House lawmakers approved a legislative package Wednesday that averts an economically damaging rail strike or lockout while still keeping the door open for workers to secure paid sick leave.
Legislators passed two resolutions: One forces four holdout unions to accept their rejected contract as written, which includes the biggest wage increase in decades, plus expanded health coverage. The other amends the tentative agreement to include seven days of sick leave, which workers had pushed for, arguing they can’t take time off in the case of a short-term illness.
Paid sick leave emerged as a major sticking point in negotiations between railroaders and carriers, with the pandemic supercharging labor efforts to secure more benefits. Railroads have resisted calls to add paid sick leave during the bargaining process, noting that the Biden administration’s presidential emergency board declined to include sick days in its final recommendations.
The House approved the measure that would impose the tentative agreement as written, voting 290-137. The vote was tighter on the resolution to add paid sick leave, with lawmakers narrowly approving it 221-207.
The votes come just two days after President Joe Biden urged congressional intervention, saying a resolution was not possible at the bargaining table. The president warned that “a rail shutdown would devastate our economy” and called on lawmakers to approve a bill well in advance of the Dec. 9 deadline.
The two measures still need Senate approval before they can head to the president’s desk for his signature. Democrats are walking a fine line between supporting labor while still avoiding a strike or lockout expected to cost the economy $2 billion a day.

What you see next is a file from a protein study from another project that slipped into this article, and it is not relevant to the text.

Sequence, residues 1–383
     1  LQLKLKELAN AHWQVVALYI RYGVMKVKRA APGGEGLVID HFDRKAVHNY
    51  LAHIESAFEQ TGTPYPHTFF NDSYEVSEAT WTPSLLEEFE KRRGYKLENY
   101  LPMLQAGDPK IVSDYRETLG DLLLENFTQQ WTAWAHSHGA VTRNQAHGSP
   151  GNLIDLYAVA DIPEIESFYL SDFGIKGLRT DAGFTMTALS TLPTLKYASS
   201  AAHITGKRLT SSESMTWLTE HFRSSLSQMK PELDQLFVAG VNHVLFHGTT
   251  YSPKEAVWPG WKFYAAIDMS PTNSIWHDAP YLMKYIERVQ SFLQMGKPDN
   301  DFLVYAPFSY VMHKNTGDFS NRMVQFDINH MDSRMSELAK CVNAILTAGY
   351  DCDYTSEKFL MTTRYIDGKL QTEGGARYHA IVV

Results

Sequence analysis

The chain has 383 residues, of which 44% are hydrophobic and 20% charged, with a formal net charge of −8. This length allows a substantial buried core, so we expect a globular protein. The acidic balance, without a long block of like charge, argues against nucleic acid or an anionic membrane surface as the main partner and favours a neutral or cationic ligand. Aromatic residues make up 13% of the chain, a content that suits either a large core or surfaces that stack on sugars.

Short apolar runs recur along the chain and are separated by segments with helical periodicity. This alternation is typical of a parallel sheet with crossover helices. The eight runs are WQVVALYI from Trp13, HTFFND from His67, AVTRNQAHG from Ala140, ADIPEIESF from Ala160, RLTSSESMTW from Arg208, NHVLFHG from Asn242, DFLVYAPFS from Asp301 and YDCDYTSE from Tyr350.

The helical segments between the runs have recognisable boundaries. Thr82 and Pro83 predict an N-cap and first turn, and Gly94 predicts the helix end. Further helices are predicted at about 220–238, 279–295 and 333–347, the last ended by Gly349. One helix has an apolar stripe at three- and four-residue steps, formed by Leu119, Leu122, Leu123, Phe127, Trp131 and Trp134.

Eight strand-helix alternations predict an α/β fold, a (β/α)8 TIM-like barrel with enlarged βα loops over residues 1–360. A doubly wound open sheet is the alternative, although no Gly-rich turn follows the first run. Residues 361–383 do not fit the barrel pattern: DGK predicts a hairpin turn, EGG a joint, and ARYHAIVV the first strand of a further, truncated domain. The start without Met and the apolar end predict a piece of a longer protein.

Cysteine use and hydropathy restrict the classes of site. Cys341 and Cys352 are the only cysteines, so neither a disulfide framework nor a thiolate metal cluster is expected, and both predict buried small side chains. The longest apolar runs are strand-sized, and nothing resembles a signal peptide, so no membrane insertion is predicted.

“By sending it as a separate resolution, we are giving the Senate the ability to take it up in addition to the main bill,” Rep. Jim McGovern, head of the House Rules Committee, said Wednesday morning on the House floor. “If they don't have the votes to pass it, they can still send the bill averting a rail strike straight to the president.”
Senate Majority Leader Chuck Schumer told reporters Tuesday that he and Minority Leader Mitch McConnell agreed to “resolve this rail shutdown as quickly as possible.” But the fate of the supplemental measure guaranteeing paid leave is uncertain in the divided upper chamber.
Labor leaders, which had called for Congress to stay out of the dispute, quickly rallied behind the move to add paid sick leave.
“Right now, every Member of Congress has an opportunity to be a champion of the working class,” Greg Regan and Shari Semelsberger, president and secretary-treasurer of the Transportation Trades Department of the AFL-CIO, said in a joint statement. “We implore these elected leaders to stand with essential workers who are the backbone of our nation’s supply chain.”
A shutdown of the freight rail system would significantly disrupt shipments of critical commodities and deal another blow to the nation’s already fragile supply chains. Biden said as many as 765,000 workers could be out of work within two weeks as industries would be forced to pause production.
A strike or lockout would also come as truck, and barge capacity remains tight, making it more difficult for companies to enact contingency plans.
“There is zero elasticity right now in transportation,” Ian Jefferies, president and CEO of the Association of American Railroads, said in a media call Tuesday. “So it's not as if contingency planning can just quickly pivot and shift that volume.”
Producers of fertilizer and other products with potentially hazardous materials say they expect service to be limited even before the Dec. 9 deadline, making it essential for Congress to approve legislation as quickly as possible.
“For us, the strike effectively starts this weekend,” said American Petroleum Institute President and CEO Mike Sommers.